As Bob Costa noted, the new Des Moines Register poll shows Herman Cain and Mitt Romney leading the field.
One thing that strikes me is while of course, all these poll numbers are subject to change, they don’t seem to conform to the conventional wisdom that you need to be on the ground in the early states. Romney has barely spent any time in Iowa this cycle (although he did extensively campaign there in the previous cycle), and Cain’s (relative) paucity of Iowa visits has gotten attention. Michele Bachmann, who pulled off a win at the Ames Straw Poll which is supposed to show your strength on the ground, is in fourth place, 15 percentage points behind Cain (who finished fifth at Ames) and 14 behind Romney (who didn’t even compete at Ames). Ron Paul, too, although higher than Bachmann in the poll, does not appear to have the kind of support that a second-place Ames finisher (only 150 votes behind Bachmann) should have. And Rick Santorum, who is on the cusp of being able to say that he has visited all 99 counties in Iowa, is second to last.
Maybe this will all change, and on the night of the caucuses, we’ll see results that don’t look anything like the results of this poll. But if the results do look similar, and the candidates don’t change how often they are in the ground in Iowa, is that a bad thing? The argument I’ve heard is that it’s crucial for voters to talk to a candidate about all sorts of issues and really get to know them. But, at least in my admittedly limited experience in attending campaign events in Iowa, that isn’t what happens for the most part. Sure, voters occasionally get to ask questions at town-hall style meetings and sometimes if the candidate is schmoozing briefly after giving a speech, but between the little, if any, opportunity for follow-up questions and the fact that every candidate has been drilled to stay on message and has a go-to selection of phrases to weave together on just about any political topic, it’s hard to see that voters learn any more about a candidate than they would by watching them on their TV or computer. On message is on message in say, Iowa, Tennessee, or a Fox News studio.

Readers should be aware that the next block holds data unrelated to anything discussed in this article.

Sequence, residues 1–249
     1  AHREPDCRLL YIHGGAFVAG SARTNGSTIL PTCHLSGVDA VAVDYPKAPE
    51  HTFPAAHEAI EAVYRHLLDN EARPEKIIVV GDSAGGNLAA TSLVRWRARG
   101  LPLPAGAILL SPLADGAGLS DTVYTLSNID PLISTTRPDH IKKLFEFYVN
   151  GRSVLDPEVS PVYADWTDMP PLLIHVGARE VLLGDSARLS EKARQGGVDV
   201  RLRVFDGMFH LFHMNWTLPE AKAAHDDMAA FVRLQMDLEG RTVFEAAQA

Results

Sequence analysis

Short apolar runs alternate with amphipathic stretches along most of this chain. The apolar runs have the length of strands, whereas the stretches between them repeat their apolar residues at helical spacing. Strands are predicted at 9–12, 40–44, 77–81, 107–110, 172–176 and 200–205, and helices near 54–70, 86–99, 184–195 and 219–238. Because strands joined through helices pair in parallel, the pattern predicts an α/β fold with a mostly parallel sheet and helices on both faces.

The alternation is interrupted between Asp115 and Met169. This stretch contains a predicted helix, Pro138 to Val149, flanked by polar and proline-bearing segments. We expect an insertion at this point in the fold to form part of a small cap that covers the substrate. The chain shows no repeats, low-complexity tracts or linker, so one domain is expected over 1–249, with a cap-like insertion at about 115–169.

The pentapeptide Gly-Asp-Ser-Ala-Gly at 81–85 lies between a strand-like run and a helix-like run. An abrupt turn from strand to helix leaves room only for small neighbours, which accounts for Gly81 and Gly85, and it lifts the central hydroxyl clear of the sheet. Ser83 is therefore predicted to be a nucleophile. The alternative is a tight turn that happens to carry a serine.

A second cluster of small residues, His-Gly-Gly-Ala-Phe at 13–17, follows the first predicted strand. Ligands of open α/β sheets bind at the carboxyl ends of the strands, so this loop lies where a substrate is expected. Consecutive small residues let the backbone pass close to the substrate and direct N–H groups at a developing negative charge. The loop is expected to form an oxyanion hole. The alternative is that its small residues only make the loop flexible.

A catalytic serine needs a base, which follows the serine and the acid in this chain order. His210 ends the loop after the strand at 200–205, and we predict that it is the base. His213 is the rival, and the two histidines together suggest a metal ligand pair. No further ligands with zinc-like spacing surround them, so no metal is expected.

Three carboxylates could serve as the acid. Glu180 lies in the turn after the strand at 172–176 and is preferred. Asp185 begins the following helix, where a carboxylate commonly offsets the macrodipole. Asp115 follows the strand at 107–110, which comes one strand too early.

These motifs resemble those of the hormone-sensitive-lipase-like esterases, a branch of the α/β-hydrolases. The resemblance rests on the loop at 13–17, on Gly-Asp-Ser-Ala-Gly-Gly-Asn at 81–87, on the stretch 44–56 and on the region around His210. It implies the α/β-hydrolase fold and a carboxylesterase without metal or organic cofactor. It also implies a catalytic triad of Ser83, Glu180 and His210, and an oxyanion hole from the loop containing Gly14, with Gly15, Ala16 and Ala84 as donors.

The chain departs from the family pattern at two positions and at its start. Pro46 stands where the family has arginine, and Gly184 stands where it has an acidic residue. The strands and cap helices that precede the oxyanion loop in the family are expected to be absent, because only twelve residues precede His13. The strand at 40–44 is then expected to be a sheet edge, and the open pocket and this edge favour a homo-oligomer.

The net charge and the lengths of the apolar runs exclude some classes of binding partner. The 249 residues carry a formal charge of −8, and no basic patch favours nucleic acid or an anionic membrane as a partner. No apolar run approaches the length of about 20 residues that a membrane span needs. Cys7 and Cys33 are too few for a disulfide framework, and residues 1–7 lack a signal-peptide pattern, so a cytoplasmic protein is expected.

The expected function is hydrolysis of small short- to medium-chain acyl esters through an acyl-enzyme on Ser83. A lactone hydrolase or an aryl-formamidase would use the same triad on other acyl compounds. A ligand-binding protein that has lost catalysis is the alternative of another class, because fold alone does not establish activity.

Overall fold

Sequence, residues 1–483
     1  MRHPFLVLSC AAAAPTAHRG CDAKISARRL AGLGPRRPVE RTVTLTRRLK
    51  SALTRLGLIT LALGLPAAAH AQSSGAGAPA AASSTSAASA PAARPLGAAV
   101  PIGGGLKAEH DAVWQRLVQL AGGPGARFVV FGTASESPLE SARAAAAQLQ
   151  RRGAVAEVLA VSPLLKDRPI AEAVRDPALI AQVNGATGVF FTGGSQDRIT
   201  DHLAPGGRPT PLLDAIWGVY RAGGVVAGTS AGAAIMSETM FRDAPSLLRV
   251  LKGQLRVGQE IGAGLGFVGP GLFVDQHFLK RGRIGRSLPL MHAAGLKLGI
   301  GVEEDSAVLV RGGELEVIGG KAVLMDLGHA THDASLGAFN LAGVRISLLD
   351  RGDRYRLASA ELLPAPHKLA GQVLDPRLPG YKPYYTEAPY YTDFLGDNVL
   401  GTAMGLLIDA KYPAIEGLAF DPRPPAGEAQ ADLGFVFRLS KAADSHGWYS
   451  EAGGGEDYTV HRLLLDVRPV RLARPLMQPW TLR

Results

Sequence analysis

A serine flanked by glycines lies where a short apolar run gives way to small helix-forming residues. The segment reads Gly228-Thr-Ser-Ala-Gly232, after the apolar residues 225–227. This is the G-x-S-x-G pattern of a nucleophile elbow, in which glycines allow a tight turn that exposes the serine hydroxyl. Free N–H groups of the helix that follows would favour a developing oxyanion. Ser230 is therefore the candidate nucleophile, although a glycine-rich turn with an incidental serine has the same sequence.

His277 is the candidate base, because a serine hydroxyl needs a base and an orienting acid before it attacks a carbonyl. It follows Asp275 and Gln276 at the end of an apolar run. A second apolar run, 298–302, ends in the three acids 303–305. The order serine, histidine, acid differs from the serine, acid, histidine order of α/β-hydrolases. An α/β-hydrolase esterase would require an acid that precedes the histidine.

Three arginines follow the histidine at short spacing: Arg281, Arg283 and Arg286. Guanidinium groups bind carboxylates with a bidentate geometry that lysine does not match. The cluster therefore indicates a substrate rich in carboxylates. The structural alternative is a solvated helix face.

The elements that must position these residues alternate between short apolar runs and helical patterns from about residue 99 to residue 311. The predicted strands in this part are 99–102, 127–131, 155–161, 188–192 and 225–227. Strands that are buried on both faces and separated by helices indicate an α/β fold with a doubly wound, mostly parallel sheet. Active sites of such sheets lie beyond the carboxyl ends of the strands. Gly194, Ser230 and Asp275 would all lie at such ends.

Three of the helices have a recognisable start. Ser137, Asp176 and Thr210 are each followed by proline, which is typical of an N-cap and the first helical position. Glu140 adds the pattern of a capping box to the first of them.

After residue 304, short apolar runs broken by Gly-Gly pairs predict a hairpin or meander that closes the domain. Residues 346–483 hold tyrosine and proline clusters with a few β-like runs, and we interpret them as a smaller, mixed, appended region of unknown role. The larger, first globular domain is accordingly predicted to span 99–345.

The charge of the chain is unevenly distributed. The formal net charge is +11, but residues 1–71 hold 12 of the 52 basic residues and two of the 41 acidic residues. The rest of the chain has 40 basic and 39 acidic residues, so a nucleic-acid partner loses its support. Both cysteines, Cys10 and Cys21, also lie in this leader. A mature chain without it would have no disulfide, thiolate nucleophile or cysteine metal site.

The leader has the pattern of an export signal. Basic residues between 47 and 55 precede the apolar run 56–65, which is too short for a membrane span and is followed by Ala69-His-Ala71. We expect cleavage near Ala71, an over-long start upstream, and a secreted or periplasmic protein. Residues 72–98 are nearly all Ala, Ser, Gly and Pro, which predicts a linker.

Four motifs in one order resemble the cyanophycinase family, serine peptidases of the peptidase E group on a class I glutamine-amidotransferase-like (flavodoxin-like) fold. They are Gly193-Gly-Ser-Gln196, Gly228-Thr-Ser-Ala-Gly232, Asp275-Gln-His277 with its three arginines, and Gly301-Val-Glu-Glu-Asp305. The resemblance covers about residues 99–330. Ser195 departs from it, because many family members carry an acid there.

On the other hand, while I’m skeptical about how much voters can learn about a candidate by seeing them in-person (due in large part to how campaigns structure these events), it does seem that an astute candidate could learn a lot just from hearing how voters express their concerns and at what angle they see current issues. So I’m certainly not proposing a media-only, or mostly-media campaign here, just questioning the value of shaking tens of thousands of hands in Iowa verse thousands.
UPDATE: Just for context, note that in October 2007 the results for this poll (via Radio Iowa’s O. Kay Henderson) were: Mitt Romney (29 percent), Fred Thompson (18 percent), Mike Huckabee (12 percent), and Rudy Giuliani (11 percent). Obviously, the final caucus results were a wee bit different …